According to the Small Business Administration, an “average” small business with fewer than 20 employees generates more than $7 million in revenue per year. Small-business owners we have encountered handle between 80% and 90% of their revenue in the form of currency — or roughly $600,000 a month or $130,000 every week, using SBA’s average revenue figure. This creates a burden for the business owners and a safety concern for the employees and customers alike. If the legal cannabis business is able to qualify for a bank account with a state-chartered bank or credit union in a state where cannabis has been legalized, then they need to get their cash into their account. Taking $130,000 in cash to a bank every week is a massive safety concern.
Many banks have implemented policies restricting cannabis businesses from depositing amounts exceeding $5,000 at a physical branch. This measure is intended to minimize inconvenience to traditional business clientele and mitigate potential security risks, but this means that even a moderately successful cannabis business would simply be overflowing with cash.
The existing banking infrastructure is ill-equipped to facilitate extensive commercial transactions for these entities unless they’re able to engage a cash-in-transit service possessing the requisite permits and licenses to safely collect and deposit their cash. Moreover, the limited access to branch services exacerbates operational difficulties, presenting yet another hurdle when attempting to get smaller notes or change for their cash registers.
Managing costs of goods
The legal cannabis market also has substantial overhead costs, including cultivation, production and compliance expenses. With regulations come added compliance procedures, red tape and expenses. Moreover, the absence of banking services and access to loans deprives businesses of potential cost-saving measures and hinders their ability to invest in modernizing their operations. Industry stakeholders, including policymakers and financial institutions, should collaborate to explore innovative financial solutions tailored to the unique needs of the industry.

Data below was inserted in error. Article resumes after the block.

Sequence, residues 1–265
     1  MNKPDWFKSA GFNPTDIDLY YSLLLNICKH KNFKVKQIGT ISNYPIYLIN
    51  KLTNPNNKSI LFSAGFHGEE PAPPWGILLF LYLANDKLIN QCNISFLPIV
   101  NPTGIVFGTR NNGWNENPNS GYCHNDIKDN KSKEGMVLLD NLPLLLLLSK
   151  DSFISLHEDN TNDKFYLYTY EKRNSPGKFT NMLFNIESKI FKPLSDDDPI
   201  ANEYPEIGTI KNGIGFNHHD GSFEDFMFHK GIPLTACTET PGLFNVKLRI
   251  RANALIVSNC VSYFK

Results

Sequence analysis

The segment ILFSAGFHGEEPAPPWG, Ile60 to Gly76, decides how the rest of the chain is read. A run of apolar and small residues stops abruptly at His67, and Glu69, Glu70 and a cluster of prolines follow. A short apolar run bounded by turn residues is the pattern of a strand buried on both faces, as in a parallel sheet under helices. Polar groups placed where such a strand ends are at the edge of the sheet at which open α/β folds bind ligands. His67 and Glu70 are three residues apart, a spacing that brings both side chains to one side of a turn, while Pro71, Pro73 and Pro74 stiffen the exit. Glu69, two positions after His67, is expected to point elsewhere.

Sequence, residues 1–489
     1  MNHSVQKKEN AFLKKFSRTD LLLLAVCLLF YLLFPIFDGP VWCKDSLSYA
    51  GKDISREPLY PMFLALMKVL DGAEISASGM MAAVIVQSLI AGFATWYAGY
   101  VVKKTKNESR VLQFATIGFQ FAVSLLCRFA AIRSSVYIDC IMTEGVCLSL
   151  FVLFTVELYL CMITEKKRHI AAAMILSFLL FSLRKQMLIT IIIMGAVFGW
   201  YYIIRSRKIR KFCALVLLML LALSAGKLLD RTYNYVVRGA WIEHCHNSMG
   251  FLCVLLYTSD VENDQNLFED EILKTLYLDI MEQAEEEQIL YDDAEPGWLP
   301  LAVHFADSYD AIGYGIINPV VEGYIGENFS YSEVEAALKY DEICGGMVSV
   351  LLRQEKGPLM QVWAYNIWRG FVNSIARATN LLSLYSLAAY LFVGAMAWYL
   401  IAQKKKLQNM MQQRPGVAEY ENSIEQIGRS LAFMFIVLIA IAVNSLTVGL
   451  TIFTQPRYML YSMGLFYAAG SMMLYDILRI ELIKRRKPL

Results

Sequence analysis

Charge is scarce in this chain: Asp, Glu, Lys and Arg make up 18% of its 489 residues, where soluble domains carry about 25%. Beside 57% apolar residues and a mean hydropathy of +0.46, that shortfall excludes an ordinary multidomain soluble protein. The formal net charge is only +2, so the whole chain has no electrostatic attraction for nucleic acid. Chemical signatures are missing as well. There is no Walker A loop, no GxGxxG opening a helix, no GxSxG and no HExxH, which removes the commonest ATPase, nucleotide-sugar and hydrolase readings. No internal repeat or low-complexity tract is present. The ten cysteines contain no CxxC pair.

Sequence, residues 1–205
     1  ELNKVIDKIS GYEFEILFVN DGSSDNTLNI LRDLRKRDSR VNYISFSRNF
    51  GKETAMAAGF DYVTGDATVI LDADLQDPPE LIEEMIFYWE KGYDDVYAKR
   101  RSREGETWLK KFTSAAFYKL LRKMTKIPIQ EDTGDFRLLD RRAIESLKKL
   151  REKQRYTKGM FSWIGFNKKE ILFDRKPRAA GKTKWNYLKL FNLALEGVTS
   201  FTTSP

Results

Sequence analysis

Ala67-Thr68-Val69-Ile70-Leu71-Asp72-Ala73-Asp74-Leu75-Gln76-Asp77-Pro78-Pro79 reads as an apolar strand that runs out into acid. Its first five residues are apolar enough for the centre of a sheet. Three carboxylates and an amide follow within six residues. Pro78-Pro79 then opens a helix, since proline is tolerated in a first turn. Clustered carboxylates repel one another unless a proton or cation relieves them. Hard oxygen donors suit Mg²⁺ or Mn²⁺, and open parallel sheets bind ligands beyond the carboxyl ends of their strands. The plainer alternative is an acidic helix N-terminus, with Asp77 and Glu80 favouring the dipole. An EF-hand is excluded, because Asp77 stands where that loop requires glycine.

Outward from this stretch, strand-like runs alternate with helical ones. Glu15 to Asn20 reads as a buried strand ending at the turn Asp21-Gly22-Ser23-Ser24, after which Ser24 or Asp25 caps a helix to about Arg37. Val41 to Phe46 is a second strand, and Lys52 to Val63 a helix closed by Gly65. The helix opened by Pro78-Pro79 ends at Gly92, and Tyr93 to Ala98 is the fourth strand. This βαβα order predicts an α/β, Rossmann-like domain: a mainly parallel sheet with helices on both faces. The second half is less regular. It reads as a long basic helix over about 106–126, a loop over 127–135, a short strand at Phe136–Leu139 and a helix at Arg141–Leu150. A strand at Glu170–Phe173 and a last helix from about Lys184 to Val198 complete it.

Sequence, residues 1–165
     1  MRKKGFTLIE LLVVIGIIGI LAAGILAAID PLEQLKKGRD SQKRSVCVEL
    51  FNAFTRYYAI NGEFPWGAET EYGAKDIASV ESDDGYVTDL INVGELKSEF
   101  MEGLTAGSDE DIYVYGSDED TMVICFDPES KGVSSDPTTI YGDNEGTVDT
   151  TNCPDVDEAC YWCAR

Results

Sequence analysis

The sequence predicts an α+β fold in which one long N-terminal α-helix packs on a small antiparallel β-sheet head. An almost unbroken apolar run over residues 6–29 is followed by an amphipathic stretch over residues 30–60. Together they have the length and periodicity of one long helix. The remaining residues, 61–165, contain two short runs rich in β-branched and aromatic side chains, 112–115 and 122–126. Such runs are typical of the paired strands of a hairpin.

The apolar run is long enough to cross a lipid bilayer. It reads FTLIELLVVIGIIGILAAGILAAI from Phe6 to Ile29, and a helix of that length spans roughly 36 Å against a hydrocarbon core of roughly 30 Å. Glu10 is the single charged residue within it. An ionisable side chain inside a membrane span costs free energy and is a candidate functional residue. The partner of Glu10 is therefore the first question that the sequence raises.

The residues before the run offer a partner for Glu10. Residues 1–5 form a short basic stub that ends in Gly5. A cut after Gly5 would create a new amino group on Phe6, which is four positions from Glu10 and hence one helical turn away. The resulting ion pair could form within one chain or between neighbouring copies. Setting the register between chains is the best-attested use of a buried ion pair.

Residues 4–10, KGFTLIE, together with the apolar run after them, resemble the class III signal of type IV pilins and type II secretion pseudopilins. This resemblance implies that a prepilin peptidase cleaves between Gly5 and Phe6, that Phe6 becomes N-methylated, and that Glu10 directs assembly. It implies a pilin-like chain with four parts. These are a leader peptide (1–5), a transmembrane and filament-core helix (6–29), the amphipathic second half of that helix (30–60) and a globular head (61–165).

It’s important to remember that the security industry also has fixed and variable expenses that continue to rise. Providers are required to pay for specialized permits and licenses to operate in each state, specialized armored vehicles, tracking, security and other alarm systems, as well as a premium for personnel with years of law enforcement, military or security experience.
The resultant ecosystem that both of these businesses must operate in is expensive. But the cost of losing a significant portion of your revenue because of theft or seizure jeopardizes any chance at sustainable profitability. The cost of harming employees, customers and the public could jeopardize everything.
An evolving market
As the legal cannabis market continues to evolve, new challenges will emerge alongside opportunities. The increasing number of states legalizing cannabis for both medicinal and recreational use necessitates a proactive approach to cash management, including exploring emerging technologies like blockchain, digital currencies and secure banking solutions specifically designed for the cannabis industry. Encouraging innovation and creating an environment conducive to responsible financial services will pave the way for a safer, more efficient and sustainable cash management landscape.